Coronavirus meetings and updates
— Gov. Charlie Baker’s schedule for today has not been released, but daily updates from the governor have become the norm during the current coronavirus emergency.
— Gaming Commission will meet, virtually, for an agenda-setting meeting and to possibly discuss matters related to COVID-19, 10 a.m.,
— U.S. Lori Trahan is guest on ‘Radio Boston,’ WBUR-FM 90.9, 3 p.m.
— Massachusetts High Technology Council holds its second virtual roundtable, part of its new COVID-19 response efforts, with Chris Ross of MilliporeSigma and Eric Snow and Diane Young of PTC, 5 p.m.
— Retired Gen. Stanley McChrystal, former commander of the U.S. and Allied Forces in Afghanistan and former commander of the Joint Special Operations Command, joins Fourth Congressional District candidate Alan Khazei in a Facebook Live virtual town hall, 7 p.m.
For the most comprehensive listing of calendar items, check out State House News Service’s Daily Advances (pay wall – free trial subscriptions available), as well as MassterList’s Beacon Hill Town Square below.
Reminder to readers: SHNS Coronavirus Tracker available for free
A reminder to our readers as the coronavirus crisis unfolds: The paywalled State House News Service, which produces MASSterList, is making its full Coronavirus Tracker available to the community for free on a daily basis each morning via ML. SHNS Coronavirus Tracker.
The numbers: 11 dead, 1,159 confirmed cases, 13,749 people tested
MassLive has the latest coronavirus numbers for Massachusetts.
Baker’s latest emergency proposals: MCAS test delays, bars and restaurants allowed to serve beer and wine to go, local tax extensions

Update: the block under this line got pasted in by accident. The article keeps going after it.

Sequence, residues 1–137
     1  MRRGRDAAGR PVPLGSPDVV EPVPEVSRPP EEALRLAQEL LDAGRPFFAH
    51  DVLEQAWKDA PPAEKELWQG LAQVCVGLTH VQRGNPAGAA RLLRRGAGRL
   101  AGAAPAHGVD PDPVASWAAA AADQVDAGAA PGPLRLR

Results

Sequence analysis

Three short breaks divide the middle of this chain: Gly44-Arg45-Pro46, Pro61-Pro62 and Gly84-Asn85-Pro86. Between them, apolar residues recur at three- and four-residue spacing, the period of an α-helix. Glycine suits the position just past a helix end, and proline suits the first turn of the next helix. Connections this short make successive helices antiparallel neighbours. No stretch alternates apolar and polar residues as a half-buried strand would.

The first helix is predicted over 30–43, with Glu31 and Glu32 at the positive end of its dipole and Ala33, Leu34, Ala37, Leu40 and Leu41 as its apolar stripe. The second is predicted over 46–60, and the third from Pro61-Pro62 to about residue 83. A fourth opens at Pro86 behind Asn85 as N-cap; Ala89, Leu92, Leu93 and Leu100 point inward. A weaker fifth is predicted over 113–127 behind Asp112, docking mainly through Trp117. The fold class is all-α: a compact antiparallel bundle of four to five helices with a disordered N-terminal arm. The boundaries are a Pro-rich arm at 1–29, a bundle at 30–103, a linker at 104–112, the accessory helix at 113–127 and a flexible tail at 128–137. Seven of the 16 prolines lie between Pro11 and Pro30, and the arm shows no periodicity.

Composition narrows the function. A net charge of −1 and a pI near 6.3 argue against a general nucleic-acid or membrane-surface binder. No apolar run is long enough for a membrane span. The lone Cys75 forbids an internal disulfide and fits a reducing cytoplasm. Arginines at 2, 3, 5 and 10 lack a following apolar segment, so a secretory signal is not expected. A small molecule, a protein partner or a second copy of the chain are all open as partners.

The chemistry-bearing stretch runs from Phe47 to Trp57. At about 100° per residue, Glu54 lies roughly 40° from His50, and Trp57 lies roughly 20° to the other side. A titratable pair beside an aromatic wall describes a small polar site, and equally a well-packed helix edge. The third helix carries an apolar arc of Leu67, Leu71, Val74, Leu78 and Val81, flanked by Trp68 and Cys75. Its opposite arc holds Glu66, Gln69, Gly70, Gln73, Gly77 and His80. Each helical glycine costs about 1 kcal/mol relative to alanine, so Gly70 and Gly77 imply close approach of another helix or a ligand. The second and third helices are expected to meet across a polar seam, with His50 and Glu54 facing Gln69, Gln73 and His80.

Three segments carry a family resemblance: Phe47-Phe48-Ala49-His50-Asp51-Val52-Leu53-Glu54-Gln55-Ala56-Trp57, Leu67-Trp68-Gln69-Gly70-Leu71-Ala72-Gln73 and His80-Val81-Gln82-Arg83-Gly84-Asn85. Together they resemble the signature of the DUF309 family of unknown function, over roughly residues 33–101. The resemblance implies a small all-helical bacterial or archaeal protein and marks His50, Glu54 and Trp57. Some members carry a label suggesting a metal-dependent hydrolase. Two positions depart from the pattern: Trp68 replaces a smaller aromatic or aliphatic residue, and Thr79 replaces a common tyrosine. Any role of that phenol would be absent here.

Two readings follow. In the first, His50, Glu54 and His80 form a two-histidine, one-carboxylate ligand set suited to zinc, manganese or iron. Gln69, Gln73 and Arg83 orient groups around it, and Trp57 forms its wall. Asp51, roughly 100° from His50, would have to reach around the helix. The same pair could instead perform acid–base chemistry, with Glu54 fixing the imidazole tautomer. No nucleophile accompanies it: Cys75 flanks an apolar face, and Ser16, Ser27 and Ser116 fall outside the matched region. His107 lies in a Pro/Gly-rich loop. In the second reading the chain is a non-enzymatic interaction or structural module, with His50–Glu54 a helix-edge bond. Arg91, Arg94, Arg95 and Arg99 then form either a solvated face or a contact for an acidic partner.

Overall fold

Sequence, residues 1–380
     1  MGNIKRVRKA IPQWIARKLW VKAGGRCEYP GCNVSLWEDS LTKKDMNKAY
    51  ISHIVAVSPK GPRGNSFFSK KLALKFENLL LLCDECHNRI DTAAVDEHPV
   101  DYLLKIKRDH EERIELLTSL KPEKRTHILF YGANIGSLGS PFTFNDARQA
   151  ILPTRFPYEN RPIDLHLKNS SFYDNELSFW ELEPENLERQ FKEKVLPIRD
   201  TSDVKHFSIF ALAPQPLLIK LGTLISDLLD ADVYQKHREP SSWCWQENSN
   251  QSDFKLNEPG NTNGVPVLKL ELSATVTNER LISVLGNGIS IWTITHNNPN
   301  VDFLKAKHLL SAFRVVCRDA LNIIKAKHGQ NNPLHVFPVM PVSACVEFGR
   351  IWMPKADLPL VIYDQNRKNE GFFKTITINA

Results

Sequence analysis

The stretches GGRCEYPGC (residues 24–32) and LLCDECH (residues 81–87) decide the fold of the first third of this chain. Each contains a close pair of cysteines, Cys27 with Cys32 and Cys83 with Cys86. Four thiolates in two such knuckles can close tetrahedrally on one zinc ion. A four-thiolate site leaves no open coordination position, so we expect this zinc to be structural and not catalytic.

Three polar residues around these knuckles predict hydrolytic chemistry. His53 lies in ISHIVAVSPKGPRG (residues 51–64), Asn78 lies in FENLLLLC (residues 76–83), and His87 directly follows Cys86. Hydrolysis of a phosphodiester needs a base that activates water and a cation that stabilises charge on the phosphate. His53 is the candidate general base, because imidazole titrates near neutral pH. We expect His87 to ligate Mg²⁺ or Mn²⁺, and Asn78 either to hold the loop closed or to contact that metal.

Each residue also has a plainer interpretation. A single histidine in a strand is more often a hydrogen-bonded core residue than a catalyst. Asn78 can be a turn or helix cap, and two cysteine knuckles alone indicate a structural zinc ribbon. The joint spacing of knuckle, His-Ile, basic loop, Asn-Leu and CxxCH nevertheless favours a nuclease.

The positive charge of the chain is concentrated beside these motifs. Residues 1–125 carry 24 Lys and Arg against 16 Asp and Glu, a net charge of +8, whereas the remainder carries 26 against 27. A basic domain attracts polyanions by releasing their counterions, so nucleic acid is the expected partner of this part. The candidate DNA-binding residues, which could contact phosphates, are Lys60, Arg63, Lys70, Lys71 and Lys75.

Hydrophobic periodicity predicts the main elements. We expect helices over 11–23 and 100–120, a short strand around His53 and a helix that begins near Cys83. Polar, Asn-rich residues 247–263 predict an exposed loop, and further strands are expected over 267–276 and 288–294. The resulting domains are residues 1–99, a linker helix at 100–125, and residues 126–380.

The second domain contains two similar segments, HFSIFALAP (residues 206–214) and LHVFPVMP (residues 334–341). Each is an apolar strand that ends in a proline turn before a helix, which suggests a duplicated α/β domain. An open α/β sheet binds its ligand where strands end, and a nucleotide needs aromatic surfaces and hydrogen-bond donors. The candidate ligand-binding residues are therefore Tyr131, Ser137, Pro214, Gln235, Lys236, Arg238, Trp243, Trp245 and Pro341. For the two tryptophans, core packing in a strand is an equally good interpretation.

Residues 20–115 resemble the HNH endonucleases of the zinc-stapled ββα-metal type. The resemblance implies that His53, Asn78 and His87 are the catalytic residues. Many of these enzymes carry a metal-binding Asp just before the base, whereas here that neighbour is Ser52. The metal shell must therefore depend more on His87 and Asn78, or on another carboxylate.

The Baker administration yesterday unveiled its latest emergency proposals to deal with the coronavirus emergency. We’ll go with quick summaries and headlines of the governor’s bill, with most of the items based on excellent summaries by MassLive’s Steph Solis and SHNS’s Katie Lannan (pay wall). … If approved, the legislation would allow Elementary and Secondary Education Commissioner Jeff Riley to modify or waive the requirement for the annual statewide MCAS requirements. … Municipal governments could give residents more time to make tax payments. … The legislation would allow electronic signatures for search warrants and criminal complaints. … And from a separate MassLive story: “Bars and restaurants would be allowed to sell wine and beer with food delivery.” … Btw, just so you know, from the Greenfield Recorder: “Business is booming at liquor stores.”
Some good news on the coronavirus front: State virus testings soar
Gov. Charlie Baker over the weekend vowed that testing for the coronavirus would eventually soar in Massachusetts after a frustratingly slow start – and that’s exactly what’s happening. CommonWealth’s Bruce Mohl reports on the huge surge in tests across the state, thanks largely to Quest Diagnostics in Marlborough.
Now the bad news: Massachusetts hospitals scramble to get more ventilators
The Globe’s Liz Kowalczyk and Rebecca Ostriker report that hospitals statewide are scrambling to get their hands on ventilators, ventilators and more ventilators, as they brace for an expected deluge of life-threatening coronavirus cases. And hospitals are also bracing for life-and-death ethical decisions about who gets to use ventilators – who doesn’t.
In other health-related matters, from the Herald: “Boston hospital workers test positive for coronavirus as nurses call for more help.” … And from the Globe again: “Controversial BU lab is only one in New England with live coronavirus.”
No news: Newspapers cut staff as ads dry up amid crisis
Just when the public needs them most, local newspapers are shrinking amid the coronavirus emergency and plunging revenues. The Daily Hampshire Gazette and its sister papers in western Mass. have cut an undisclosed number of positions and cut the pay of remaining workers across the board, Ray Kelly of MassLive reports.
Similar story at the Sun Chronicle in Attleboro, where the top editor says layoffs there — including veteran political reporter Jim Hand — are meant to be temporary furloughs, according to Ted Nesi and Tim White of WPRI-TV.
Police: Summons, not arrests, are the new norm … and stop calling about social-distancing infractions